Honda claims a 223-liter cargo area capacity with the third-row seats up, 470 liters with the third row folded, and 521 liters with the third row folded and tumbled. It also boasts one-touch fold-to-tumble seats (60:40 split for the middle row and 50:50 split for the third row) and middle-row seats that slide and recline.

Toyota, on the other hand, claims 213 liters with the third-row seats up. No figures were given with the third row folded or tumbled, but the five-seat-only Rush E variant has a claimed 514-liter capacity.

The Honda has a notable advantage in cargo area. But another packaging area it leads the Toyota in is with the middle-row seat foot room. I say foot room and not legroom because the Rush has a prominent cabin-wide bulge on the floor just under the middle-row seat that protrudes towards where the heels of the middle-row occupants would be. This forces the passengers to sit with their lower legs stretched forwards, which can be tiring on a long trip. I suspect that the bulge is a result of the rear axle consuming the space where the fuel tank would be—with the tank ending up creating that bulge under the seat.

Features? They both have 7-inch touchscreen infotainment systems with Bluetooth/USB connectivity, although the Rush has eight speakers to the BR-V’s four and adds Aux connectivity.

They both have leather steering wheels with audio controls and each has front and rear airconditioning systems. They also both have smart entry systems with push-button engine start/stop.

Driving performance and ride comfort. The Honda BR-V enjoys an advantage here, primarily from its more modern and sophisticated drivetrain. The Rush’s solid rear axle exacts a penalty in riding comfort, especially at highway or cruising speeds. It’s not as bad as a pickup, but if you’re used to front-drive cars like say, a Toyota Vios, you’ll notice the choppiness. If you’re used to an Innova or Avanza, on the other hand, you’ll be right at home in the Rush.

The one size-smaller (in width and diameter) tires of the BR-V also helps make it handle more responsively. Wider tires may offer more ultimate grip at the limit, but narrower tires will always feel nimbler (also due to their lower overall unsprung weight).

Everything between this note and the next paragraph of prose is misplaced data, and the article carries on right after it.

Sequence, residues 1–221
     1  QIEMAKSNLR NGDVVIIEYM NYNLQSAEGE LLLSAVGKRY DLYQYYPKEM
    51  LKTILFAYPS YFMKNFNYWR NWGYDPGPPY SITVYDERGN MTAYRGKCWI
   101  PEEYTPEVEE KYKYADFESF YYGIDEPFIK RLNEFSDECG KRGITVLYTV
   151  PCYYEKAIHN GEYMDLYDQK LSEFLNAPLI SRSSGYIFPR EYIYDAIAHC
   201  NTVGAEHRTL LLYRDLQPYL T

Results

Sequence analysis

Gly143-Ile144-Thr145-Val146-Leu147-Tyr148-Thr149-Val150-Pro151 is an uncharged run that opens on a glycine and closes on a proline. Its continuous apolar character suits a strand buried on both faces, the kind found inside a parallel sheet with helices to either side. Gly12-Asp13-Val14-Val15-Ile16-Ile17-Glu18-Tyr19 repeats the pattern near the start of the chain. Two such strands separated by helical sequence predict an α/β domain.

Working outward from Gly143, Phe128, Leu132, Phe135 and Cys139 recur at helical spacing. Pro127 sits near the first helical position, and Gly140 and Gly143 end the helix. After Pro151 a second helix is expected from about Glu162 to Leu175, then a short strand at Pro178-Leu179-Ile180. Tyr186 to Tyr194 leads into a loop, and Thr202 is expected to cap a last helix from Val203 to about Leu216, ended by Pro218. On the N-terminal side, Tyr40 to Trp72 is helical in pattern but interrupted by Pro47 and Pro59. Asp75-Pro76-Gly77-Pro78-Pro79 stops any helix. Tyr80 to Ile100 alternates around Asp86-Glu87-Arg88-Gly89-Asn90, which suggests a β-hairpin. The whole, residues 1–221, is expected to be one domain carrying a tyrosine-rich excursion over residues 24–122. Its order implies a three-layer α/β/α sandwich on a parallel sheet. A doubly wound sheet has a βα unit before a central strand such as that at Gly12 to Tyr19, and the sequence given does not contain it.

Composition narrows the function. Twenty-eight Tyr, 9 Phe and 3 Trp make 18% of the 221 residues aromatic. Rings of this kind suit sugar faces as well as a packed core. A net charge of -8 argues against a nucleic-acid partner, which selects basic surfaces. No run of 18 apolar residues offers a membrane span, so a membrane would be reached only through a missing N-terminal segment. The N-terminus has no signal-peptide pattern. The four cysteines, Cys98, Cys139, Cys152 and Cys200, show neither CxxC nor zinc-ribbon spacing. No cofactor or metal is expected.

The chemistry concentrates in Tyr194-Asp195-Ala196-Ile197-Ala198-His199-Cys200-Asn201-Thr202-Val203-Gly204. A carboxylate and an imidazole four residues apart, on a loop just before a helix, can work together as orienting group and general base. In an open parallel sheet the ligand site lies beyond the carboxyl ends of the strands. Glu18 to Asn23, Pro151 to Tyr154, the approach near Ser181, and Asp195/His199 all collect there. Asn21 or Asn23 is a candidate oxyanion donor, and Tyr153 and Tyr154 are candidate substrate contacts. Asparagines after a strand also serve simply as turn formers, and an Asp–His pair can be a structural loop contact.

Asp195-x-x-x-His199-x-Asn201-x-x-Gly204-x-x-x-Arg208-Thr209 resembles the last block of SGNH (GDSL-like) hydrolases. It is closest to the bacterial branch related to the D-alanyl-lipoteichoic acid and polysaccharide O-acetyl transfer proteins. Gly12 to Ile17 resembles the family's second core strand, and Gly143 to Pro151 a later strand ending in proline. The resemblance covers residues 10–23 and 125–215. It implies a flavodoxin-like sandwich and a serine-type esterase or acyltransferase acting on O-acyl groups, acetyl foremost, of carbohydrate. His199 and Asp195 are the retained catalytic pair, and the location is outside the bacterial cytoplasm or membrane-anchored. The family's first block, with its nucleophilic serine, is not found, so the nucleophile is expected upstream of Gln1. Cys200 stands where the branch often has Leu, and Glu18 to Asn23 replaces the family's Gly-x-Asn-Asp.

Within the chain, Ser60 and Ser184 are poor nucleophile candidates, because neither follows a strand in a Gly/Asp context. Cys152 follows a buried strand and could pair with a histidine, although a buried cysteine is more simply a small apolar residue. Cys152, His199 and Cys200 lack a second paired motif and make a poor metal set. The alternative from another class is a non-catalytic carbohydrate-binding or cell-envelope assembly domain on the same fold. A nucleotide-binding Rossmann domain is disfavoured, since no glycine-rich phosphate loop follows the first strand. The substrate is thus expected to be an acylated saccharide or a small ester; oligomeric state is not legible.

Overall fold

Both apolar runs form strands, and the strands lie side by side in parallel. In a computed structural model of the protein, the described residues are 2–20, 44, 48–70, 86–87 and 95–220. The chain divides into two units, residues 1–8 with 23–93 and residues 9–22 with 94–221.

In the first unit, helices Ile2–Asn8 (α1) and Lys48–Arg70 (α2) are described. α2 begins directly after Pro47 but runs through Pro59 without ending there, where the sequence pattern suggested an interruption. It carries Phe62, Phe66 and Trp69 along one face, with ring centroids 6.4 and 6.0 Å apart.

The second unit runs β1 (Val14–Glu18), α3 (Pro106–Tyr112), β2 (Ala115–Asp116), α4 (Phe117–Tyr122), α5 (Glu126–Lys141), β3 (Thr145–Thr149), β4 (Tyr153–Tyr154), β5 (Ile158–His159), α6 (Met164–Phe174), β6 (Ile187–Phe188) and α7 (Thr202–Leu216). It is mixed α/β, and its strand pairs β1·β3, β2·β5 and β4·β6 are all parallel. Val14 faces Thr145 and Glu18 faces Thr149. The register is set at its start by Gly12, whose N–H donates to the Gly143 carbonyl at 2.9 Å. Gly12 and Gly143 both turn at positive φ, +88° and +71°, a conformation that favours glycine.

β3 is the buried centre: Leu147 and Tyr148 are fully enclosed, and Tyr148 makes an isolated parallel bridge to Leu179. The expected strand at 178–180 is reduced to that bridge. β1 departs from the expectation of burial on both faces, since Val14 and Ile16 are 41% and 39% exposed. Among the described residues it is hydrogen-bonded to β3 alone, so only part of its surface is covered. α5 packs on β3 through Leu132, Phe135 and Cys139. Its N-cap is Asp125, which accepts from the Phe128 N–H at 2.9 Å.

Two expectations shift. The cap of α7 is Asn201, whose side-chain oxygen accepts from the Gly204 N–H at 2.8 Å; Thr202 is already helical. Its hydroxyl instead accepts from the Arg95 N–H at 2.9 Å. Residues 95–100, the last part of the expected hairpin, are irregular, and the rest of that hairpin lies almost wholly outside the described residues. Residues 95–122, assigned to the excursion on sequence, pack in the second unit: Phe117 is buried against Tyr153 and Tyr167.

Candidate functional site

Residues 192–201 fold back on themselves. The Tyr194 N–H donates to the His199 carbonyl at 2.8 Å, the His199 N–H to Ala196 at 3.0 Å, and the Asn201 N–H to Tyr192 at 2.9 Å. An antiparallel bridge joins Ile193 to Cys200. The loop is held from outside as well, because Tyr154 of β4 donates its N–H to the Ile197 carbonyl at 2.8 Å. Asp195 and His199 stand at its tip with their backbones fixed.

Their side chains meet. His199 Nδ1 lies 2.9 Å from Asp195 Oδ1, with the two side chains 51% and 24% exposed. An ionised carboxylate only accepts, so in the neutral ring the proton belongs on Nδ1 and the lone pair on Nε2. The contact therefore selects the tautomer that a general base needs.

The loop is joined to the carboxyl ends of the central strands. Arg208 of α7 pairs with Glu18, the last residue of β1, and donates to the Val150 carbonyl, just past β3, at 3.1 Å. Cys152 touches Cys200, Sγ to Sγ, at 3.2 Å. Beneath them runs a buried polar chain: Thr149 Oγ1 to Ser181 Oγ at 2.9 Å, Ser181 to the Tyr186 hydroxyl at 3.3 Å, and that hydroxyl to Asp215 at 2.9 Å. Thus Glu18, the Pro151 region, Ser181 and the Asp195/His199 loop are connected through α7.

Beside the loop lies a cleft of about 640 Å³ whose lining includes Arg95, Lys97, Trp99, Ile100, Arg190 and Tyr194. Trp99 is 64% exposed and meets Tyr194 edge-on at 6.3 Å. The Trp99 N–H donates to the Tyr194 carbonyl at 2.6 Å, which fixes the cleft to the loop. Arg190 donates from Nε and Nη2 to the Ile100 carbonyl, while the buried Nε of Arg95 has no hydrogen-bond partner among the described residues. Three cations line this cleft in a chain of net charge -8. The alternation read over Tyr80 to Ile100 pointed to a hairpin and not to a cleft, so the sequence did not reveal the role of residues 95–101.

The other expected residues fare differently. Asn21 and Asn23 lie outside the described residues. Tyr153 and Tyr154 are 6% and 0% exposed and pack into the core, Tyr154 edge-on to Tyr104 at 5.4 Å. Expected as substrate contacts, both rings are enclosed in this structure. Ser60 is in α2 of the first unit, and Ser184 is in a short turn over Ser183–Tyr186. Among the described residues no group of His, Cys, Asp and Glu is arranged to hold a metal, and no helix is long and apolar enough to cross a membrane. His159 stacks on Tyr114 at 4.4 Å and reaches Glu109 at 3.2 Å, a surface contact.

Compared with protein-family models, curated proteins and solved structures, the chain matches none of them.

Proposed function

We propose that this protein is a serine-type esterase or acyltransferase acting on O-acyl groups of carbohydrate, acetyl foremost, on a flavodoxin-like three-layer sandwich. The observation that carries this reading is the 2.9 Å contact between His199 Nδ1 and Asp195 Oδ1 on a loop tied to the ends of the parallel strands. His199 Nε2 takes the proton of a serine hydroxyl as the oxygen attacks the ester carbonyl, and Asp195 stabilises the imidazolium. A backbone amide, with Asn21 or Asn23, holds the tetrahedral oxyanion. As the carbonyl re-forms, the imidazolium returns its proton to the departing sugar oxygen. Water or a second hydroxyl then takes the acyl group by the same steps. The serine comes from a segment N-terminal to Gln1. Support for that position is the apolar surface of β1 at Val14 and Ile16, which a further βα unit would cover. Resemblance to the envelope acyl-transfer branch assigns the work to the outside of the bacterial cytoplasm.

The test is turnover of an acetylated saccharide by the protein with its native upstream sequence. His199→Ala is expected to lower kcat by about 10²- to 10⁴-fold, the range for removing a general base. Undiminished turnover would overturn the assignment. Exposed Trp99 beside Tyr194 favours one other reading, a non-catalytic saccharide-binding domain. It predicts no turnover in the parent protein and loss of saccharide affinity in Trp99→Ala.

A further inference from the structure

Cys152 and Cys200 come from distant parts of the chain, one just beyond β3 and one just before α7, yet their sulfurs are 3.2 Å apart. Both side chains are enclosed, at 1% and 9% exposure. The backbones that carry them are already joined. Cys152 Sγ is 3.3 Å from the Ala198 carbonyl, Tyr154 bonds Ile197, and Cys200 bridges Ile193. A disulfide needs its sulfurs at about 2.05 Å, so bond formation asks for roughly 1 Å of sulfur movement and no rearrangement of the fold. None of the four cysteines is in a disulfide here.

Safety. This is where the Toyota outscores the Honda. Both have dual front airbags, but the Rush adds side and curtain airbags. It has a reverse sensor and a rear camera that projects rearward images to the 7-inch screen to aid reversing. Both have similar front disc/rear drum braking systems with ABS and EBD. Both also have Vehicle Stability Control and Hill Start Assist.

Styling. As styling is purely subjective, there are no winners or losers here. Both sport the usual crossover/SUV garb: roof rails, black fender lips, side sill protectors, and front and rear bumper garnishes. But personally, while the BR-V looks very refined, it’s the more ruggedly handsome styling of the Rush that would probably sway a lot of its buyers. This is where the Rush’s bigger wheels and tires, taller height, and greater ground clearance pay off—which is actually what a lot of crossover buyers look for in the first place. That the Rush shares a lot of its handsome big brother Fortuner’s front styling cues (like the slim headlamps and the fang-like foglights) couldn’t hurt.


VERDICT

It’s hard to imagine that two competing automobiles can be so similar in concept and pricing, differ so dramatically in key areas, yet end up performing very similarly overall.

But this is a comparo so there has to be a winner, right? I hate to be a cop out but the two are truly evenly matched.

So I’ll apply the question: If it were my money, which one will I buy? My answer: If I were to use my brain, it’ll be the Honda BR-V. It pushes all the right buttons in this diehard techie. But if I were to use my heart, it’ll be the Toyota Rush. It just looks so good, especially in Dark Red or Silver Mica Metallic.


HOW IT RATES

Honda BR-V Toyota Rush
Design 8.75 9
Build quality 9 9
Driveability 9.25 8.75
Performance 9 8.75
Value for money 9 9
Overall rating 9 8.9

 


SPECIFICATIONS

Honda BR-V Toyota Rush
Engine 120ps/145Nm 1.5-liter gasoline SOHC i-VTEC inline-4 102ps/134Nm 1.5-liter gasoline DOHC Dual VVT-i inline-4
Transmission Earth Dreams Technology CVT with paddle shifters 4-speed automatic
Drive Front Rear
Suspension (F/R) MacPherson struts/Torsion beam axle MacPherson struts/Rigid rear axle with coil springs
Tires 195/60R-16 205/60R17
Brakes (F/R) Vented discs/Drums with ABS and EBD Vented discs/Drums with ABS and EBD
L x W x H (mm) 4,456 x 1,735 x 1,665 4,435 x 1,695 x 1,705
Wheelbase (mm) 2,662 2,685
Ground clearance (mm) 201 220
Seating capacity 7 7
Other features Drive-by-wire system, Eco Lamp, LED signal lights and tail lights, power-folding side mirrors, leather seats/steering wheel/shift knob/door panels, one 12V accessory socket, 5 cupholders, 4 bottle holders, 3-point seatbelts for all 7 occupants, speed-sensing door locks, auto door-unlock (on Park), anti-theft with engine immobilizer, ISOFIX seats, driver and front passenger seatbelt reminder Optitron meter gauges, LED headlamps and taillamps, rear spoiler, leather steering wheel, anti-theft with engine immobilizer